Having started a games company in the early noughties and his involvement with a few other businesses since then. Peter Lynch gives us his 10 top tips (& a Bonus Tip) to help others starting out in one of the most competitive Startup cities in the world, Dublin.
01) Only Spend on Marketing:
As you have probably heard, cash is king for all businesses, more so for start-ups. You won’t have much cash starting out so it is vital to spend wisely in those early stages. So the simple rule is – only spend on marketing and sales. This rule has two effects:
– Money spent on effective marketing is never wasted.
– Indirectly your business and team will become more focused on marketing, a good thing for technology companies.
02) Don’t rent an Office:
Despite the lower rents, office space in Dublin is still expensive and a real waste of cash when starting out. Offices are needed for full teams, meeting clients and storing hardware. You probably don’t have much (or any) of all three so you don’t need an office. If you are meeting potential clients, rent a ‘hot desk’ office or meet at their place.
Use Skype and Dropbox to create a virtual office. When you have regular paying contracts or revenue streams, then rent.
03) Don’t pay yourself or your team:
Work part time, contract – do whatever you need to do to avoid paying (much) salaries when you are in startup mode. With your team, agree a profit share or equity share (for senior people). Having said the above, it is important to factor in your correct salaries when costing contracts for clients or doing your P&L (profit & loss) projections for investors – a big mistake start-ups can make.
04) Team makeup : 1 Tech and 1 Biz
A lot of start-ups tend to comprise mainly of developers. Not a bad thing but it means the focus of team will be on the technology, not the business. With the current downturn, there are a lot of seasoned marketing professionals looking for work and business opportunities – get them on-board!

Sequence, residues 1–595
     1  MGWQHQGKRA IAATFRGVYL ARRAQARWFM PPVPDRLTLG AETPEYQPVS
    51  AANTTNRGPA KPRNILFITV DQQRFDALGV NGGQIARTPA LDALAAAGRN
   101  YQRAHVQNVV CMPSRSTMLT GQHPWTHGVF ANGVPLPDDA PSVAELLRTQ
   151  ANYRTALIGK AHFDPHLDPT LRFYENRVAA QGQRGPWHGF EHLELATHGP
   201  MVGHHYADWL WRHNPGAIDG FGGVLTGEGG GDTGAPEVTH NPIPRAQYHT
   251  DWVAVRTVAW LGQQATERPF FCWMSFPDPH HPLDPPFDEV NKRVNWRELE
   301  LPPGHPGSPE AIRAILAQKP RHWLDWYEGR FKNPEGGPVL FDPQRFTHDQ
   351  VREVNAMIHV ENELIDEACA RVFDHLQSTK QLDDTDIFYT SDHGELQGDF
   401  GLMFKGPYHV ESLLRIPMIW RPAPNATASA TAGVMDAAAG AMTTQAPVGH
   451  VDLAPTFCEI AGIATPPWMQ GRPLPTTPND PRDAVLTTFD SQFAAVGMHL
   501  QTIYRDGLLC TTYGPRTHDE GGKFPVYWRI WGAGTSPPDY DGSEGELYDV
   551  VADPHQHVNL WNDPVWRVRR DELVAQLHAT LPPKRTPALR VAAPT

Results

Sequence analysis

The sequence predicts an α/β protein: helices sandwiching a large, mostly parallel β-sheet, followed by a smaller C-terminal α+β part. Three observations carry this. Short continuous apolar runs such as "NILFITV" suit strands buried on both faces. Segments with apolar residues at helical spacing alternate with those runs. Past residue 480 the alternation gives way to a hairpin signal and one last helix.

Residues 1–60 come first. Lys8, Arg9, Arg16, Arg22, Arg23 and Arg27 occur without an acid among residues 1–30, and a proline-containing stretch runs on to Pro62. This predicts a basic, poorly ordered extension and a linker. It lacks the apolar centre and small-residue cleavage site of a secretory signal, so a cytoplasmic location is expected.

05) Network Wisely:
There are a huge number of business, technology and start-up networking events held in Ireland each year. Like all events, some are more useful than others. If your business is B2B, I would attend a good few; otherwise be more selective.
06) Social Media
Social Media should be part of your marketing plan, not a replacement for it.
Many new start-ups talk about social media as if it is their only marketing activity. The basics of a marketing plan are still as valid as ever (remember the 4 Ps). Your social media strategy should be part of your overall marketing strategy; not the other way around.
07) Government Supports:
Besides Enterprise Ireland (EI), there are a ton of other government support agencies. Most are listed on this very useful site basis.ie. EI is good for soft supports and advice. However don’t forget the County Enterprise Boards – good straight forward supports available.
08) Get on a Entrepreneurship programme:
There are a number of good government supported start-up programs such as Hothouse and M50 Enterprise. Besides good advice and training, the best thing about these programmes is the networking with other start-ups.
09) Create a 12 month Target:
If you are not making real sales within 12 months of starting your online business, call it a day. A tough one this one but you will always find excuses for not making sales. Learn from your mistakes and start again!
10) Make it look Good:
Humans are visual creatures, we judge everything first by our eyes – including software. You can release your product if some features are not fully finished or included; however never ever release something that does not look good. Just look at Apple; there were a few other touch screen phones out before the iPhone but none had it’s wow factor.
11) Focus, focus, focus:
We live in a world of information push, damn you Facebook and LinkedIn. Besides all the online stuff, as an entrepreneur, everyone will be giving you advice. You will be told to do this, follow that, hire them, etc. Keep it simple, don’t loose focus and you will succeed.
Peter is currently head of development at Fierce Fun Games. His past experience includes working with Intel as a senior Project Manager, as well as the Programme Director at Digital Skills Academy.